N. Ram

Colombo: The last phase of Sri Lanka’s low-intensity military conflict saw the elimination of the Liberation Tigers of Tamil Eelam as a military force. It simultaneously witnessed a poignant human drama in which some 300,000 Tamil civilians were rescued by force of arms from a terrorist organisation that, claiming to fight for their freedom, had no compunction in using them as a human shield.

Most of these internally displaced Sri Lankans are now housed and cared for by the government in transitional relief camps located in five demarcated zones of the 1500-acre Menik Farm on the outskirts of the town of Vavuniya in the mainland North. International concern has been expressed over the present condition and the future of these Tamil civilians, who include a large number of children, women, and senior citizens.

Following a three-hour conversation, including a recorded interview, with President Mahinda Rajapaksa at ‘Temple Trees’ in Colombo, I had, at his suggestion and thanks to the helicopter and other facilities provided by the Defence Ministry, the opportunity of seeing for myself how the Tamil IDPs were being sheltered and cared for in the camps. It was an uplifting experience, which is reflected in some measure in the photographs by Thilak Bandara published on this page. The sight of tens of schoolchildren returning from makeshift schools and of the distribution by the Controller of Examinations and his team of preparatory material for the A-level exams, which will be taken in a month, was special.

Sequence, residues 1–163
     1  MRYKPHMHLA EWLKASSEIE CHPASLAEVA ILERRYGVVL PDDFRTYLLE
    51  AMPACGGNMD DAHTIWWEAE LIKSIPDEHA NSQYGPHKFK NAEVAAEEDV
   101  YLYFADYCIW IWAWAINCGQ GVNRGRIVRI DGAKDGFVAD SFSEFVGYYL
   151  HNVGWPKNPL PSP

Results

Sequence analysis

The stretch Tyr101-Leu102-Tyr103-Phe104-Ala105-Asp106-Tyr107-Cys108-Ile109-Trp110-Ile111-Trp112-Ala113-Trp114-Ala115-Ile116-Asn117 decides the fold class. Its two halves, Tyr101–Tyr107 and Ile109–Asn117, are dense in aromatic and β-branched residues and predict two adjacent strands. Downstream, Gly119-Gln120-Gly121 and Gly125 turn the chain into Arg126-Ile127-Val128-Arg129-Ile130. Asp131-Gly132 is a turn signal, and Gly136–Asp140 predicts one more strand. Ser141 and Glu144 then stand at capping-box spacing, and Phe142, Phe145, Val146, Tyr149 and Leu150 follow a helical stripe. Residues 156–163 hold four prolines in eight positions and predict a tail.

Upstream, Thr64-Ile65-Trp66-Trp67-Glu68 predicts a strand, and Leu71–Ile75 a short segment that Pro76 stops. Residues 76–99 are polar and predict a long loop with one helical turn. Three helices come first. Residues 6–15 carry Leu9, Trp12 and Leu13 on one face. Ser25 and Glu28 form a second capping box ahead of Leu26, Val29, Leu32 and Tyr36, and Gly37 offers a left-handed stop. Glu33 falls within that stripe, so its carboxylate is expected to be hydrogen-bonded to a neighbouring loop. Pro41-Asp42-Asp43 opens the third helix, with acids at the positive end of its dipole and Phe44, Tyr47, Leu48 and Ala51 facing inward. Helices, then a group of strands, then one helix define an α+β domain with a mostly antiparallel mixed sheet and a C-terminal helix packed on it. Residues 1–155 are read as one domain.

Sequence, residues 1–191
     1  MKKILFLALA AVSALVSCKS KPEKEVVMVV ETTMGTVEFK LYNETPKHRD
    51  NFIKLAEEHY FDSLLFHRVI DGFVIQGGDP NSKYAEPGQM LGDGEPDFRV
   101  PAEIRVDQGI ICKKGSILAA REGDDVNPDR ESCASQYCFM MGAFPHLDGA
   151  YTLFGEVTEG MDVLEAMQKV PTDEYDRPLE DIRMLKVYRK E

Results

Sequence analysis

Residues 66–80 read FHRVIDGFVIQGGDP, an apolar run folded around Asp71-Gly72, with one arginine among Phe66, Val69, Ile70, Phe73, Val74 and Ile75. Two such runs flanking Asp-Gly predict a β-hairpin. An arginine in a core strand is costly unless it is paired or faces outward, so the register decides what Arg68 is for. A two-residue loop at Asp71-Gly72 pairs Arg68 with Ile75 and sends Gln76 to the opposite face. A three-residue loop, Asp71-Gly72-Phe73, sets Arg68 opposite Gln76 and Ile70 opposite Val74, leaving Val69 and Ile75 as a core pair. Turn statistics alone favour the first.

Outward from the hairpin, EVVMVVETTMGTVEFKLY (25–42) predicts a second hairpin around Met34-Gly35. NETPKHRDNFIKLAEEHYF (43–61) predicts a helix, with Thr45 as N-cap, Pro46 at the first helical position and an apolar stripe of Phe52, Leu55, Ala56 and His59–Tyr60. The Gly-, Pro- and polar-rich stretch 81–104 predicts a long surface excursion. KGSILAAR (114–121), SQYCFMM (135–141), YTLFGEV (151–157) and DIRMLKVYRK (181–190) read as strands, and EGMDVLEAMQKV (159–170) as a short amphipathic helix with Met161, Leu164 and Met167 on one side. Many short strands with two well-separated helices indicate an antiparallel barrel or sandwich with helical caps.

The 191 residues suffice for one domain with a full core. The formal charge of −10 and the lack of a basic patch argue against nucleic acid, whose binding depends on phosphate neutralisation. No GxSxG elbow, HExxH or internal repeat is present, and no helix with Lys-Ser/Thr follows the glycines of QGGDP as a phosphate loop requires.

What became clear during the visit to Anandakumaraswamy Village in Zone 1, through glimpses of other camps in the vast IDP relief complex, and in conversations in Tamil with some of the displaced people was this. Conditions in these camps are much better than what has been depicted, mostly second-hand, that is, without visiting the camps, in western media reports. Moreover, they are visibly better than conditions in Sri Lankan refugee camps in India, which are still mostly inaccessible to journalists, researchers, and other outsiders. Basic needs, including education for the schoolchildren and vocational training for older boys and girls, are being met by the Sri Lankan government with assistance from the United Nations, a number of countries, including India, and more than 50 INGOs.

Hearteningly, the best hospital in the Menik Farm IDP relief complex is the one staffed and provisioned by the Indian Medical Team with its eight doctors, four nurses, and overall strength of 60, including senior and junior paramedics. After this highly skilled and dedicated medical team, led by Dr. K. Vasantha Kumar, moved to Settikulam from Pulmodai (in the East) in March, it has treated close to 13,000 Tamil civilians and performed several surgical operations.

In his interview, which will be published in The Hindu on Monday, President Rajapaksa claimed, without exaggeration, that “the condition in the camps is the best any country has.” He admitted some “shortcomings,” chief among them being a lack of “freedom of movement.” But he also emphasised his responsibility for the security of his people and pointed to the need to speed up the work of de-mining in the heavily mined Wanni, which needed to be certified by the U.N. He reiterated his personal commitment to resettle all the Tamil civilians speedily.

The Sri Lankan government is now confident that the President’s 180-day resettlement plan can be implemented. This confidence would have been boosted by the unexpected success of the first meeting of the All Parties Committee for Development and Reconciliation, in which all parties, including the Tamil National Alliance, promised cooperation and support to the project of reconciliation and development in the North.

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